BACKGROUND: A new shoulder prosthesis can provide relief to those who suffer from pain and limited movement of their shoulders. The FDA has just approved the device, which has been used successfully in Europe for more than 10 years. Emory University in Atlanta, Georgia, is one of the few locations performing the procedure.
ABOUT THE SHOULDER JOINT: Your shoulder consists of a ball and socket joint that fit together much like a baseball in a glove. The ball is at the head of the upper arm, and the socket is an indented area in the shoulder blade. Then there is the rotator cuff: a small group of muscles and tendons surrounding the joint. The rotator cuff helps lift and rotate the arm, as well as stabilize the ball of the shoulder in the socket. When the rotator cuff tears loose from the bone, it can severely limit the join's stability and range of motion and cause considerable pain.
HOW IT WORKS: The reverse shoulder surgery helps the artificial joint to function when there is significant bone loss, or if the rotator cuff no longer works. The prosthetic reverses the positions of the ball and socket. The normal socket is replaced with a prosthetic ball, and the upper arm is replaced with an implant that has a socket in which the ball rests. Reversing the positions prevents the prosthetic joint from dislocating and improves the function of the surrounding muscles.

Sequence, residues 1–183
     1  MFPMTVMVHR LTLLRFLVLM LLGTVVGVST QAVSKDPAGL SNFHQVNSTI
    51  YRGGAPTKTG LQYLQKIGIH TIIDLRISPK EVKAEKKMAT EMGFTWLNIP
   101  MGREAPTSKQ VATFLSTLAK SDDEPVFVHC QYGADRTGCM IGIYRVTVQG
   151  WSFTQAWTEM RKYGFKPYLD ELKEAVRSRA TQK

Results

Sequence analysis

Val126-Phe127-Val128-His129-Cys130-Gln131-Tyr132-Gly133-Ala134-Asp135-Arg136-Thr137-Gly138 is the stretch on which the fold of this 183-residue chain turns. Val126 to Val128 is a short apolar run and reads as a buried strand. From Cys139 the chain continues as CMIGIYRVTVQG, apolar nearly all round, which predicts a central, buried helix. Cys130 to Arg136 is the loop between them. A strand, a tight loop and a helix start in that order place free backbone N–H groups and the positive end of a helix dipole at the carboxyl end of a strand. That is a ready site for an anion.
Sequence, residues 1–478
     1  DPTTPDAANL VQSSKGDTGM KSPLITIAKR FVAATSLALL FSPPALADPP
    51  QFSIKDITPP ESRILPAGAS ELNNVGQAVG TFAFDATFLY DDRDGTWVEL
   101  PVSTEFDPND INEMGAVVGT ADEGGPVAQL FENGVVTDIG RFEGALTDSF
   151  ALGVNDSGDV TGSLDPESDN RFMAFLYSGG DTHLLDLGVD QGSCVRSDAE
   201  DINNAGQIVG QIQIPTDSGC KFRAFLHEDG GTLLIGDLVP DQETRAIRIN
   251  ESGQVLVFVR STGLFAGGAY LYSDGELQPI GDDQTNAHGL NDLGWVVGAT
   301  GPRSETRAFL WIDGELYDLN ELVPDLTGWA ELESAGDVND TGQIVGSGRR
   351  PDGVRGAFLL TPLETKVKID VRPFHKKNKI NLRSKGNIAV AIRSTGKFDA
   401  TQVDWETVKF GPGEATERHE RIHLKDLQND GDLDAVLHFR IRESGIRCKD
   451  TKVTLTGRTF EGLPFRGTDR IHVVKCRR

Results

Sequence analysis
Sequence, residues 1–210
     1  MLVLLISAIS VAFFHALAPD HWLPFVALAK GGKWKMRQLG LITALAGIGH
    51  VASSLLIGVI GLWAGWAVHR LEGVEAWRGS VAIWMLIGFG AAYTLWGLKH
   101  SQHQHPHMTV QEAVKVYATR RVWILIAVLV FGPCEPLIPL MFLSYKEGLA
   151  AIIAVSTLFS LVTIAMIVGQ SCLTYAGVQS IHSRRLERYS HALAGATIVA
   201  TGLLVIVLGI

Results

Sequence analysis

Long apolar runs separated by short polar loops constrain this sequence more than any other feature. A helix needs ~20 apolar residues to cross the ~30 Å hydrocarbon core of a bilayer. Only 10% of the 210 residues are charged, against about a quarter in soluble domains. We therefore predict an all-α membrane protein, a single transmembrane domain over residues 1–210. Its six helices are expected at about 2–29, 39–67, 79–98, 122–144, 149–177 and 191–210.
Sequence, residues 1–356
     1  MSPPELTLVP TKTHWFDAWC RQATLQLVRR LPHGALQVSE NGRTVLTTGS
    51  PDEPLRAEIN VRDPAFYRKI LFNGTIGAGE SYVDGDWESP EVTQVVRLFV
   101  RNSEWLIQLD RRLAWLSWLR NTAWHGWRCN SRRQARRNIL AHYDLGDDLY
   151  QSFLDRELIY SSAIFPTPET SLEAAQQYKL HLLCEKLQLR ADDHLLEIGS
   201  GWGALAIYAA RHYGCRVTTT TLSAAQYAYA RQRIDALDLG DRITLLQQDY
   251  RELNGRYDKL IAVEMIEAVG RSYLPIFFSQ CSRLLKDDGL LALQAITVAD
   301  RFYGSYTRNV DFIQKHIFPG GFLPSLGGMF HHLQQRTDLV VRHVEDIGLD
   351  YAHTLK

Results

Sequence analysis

WHO CAN BENEFIT: Anyone who experiences pain or limited function of the shoulder from arthritis, a rotator cuff injury, or a previous shoulder replacement. Patients who had the surgery reported significant decreases in pain and noticed marked improvements in functional arm movement. The surgery requires an overnight hospital stay, followed by six weeks with their arm in a sling, and then six weeks of physical therapy.